I don’t understand the claim that this (a) would cost Google many millions to fix, and (b) is not in their interest to avoid. As mentioned in previous comments, Google is an expert at dealing with a much more prevalent,. easier to execute (at least to the level described in the paper), and profitable form of cheating: search engine optimization. I would trust the tools they have developed to deal with this over any human-guided curating on the part of TR. Plus, unlike TRs approach, this scales as academic publishing continues to grow.
This bring me to the more fundamental issue. The only reason we are using citations as a metric to begin with is (like too much in academia) an unfortunate historic accident. When publishing was young and small, this was the only to carry on. Now that we have a large amount of network-wide data on publishing, why are we still sticking to these archaic ways? There is a reason why Google uses page-rank (plus some magic) instead of number of incoming links (citations) for rating websites. Incoming links are inherently not a robust measure, and will always be easy to game. If not by these “obviously cheating” ways then by simply publishing lots of bad papers in poor journals to build up citations on your other papers… under pseudonyms if necessary.
If we want to stick to the citation approach, then even there TR doesn’t have some magic sauce on Google. Google already determines the journal that published your paper (and to make this more reliable, crowd-funds it to researchers by allowing us to combine papers/edit info in our Scholar profiles). If they wanted to provide two citation counts, one from “official publications” and one from official publications + preprint/academic-website then they can already. It would probably to a summer intern all of a few days to deploy, if such a tool was desired.
Artem: As an algorithm developer I see the issue of detecting faked articles as a difficult problem, hence probably costing several million to solve. This is very different from what Google search algorithm’s do. But maybe I am missing something. If you have a simple algorithmic solution in mind I would love to hear it and so might GS.
David, no magic solution is needed to correct problems as the ones we denounce in our working paper. It is as easy as allowing filtering by document type. This is a serious flaw for GS Citations and Metrics mainly because, contrarily to what it was stated before, we did not commit a scientific fraud. In fact, we didn’t even enter the scholarly communication system. We did not, try to trick anyone, we simply uploaded a bunch of papers to a website in which there were many references included. What is wrong with this? Instead of inventing a false author it could simply be a reference list intended for a class, or just to keep track our publications.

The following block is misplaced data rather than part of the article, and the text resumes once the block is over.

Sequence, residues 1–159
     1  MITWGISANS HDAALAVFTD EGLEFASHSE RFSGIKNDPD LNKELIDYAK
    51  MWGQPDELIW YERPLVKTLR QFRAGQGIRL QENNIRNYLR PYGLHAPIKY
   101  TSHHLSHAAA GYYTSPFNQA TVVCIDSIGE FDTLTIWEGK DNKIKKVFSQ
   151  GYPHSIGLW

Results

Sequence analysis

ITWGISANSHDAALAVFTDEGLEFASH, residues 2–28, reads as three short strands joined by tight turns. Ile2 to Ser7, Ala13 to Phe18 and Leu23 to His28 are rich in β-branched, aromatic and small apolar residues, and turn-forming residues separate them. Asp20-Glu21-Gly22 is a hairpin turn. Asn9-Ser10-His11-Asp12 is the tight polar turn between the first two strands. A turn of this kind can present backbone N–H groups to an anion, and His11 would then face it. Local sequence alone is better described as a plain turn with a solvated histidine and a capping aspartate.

The problem is that GS thought it was academic material and thus included it in our GS Citations profiles. However, as suggested before, maybe it is not GS’ role to detect what is real from what is not, but it must allow the user to detect it. Right now, Google can identify journal articles and preprints reasonably well, why can’t I see which of the citations I receive come from journal articles and which don’t?
This lack of transparency can become a serious flaw and it can be fixed without expending many millions.
First of all if a scholar did what you did and loaded a bunch of fake papers in order to boost their citations it would certainly be fraud. That is why the title of this article says “gaming”. Beyond that designing an algorithm that accurately distinguishes a review article with many references from a class reference list, etc., strikes me as very difficult. I recently developed an algorithm that estimates the grade level of scientific material and it was a big project. This is artificial intelligence so not easy.
Uploading pdfs to a website fraud? Don’t know, GS is ‘gamed’ because it considers every document in institutional domains as academic, that is the problem.
Regarding distinctions between document types, there is no need to go as further as distinguishing reference lists from reviews and so, you only have to distinguish regarding the source (journal articles, repository documents and miscellaneous, for instance). GS Metrics already detects articles published in journals, no further developments are needed. I insist, it is just making their products transparent.